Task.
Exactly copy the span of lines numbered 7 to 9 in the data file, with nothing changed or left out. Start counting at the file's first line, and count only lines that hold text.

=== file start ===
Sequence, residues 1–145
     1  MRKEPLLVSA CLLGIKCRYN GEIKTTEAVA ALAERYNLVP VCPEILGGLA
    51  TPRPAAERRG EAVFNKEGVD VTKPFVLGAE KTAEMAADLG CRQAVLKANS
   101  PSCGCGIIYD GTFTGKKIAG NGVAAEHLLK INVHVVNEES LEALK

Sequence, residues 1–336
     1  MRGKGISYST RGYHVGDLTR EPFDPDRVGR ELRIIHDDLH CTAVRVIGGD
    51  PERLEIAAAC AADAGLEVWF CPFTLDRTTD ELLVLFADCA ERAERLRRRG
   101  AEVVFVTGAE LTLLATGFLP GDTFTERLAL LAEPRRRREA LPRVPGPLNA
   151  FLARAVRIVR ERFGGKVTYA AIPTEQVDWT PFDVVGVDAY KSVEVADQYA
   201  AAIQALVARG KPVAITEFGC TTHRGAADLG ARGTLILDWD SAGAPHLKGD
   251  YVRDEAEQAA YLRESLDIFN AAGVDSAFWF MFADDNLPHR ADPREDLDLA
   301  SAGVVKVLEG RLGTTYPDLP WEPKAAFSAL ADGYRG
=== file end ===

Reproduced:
    51  PERLEIAAAC AADAGLEVWF CPFTLDRTTD ELLVLFADCA ERAERLRRRG
   101  AEVVFVTGAE LTLLATGFLP GDTFTERLAL LAEPRRRREA LPRVPGPLNA
   151  FLARAVRIVR ERFGGKVTYA AIPTEQVDWT PFDVVGVDAY KSVEVADQYA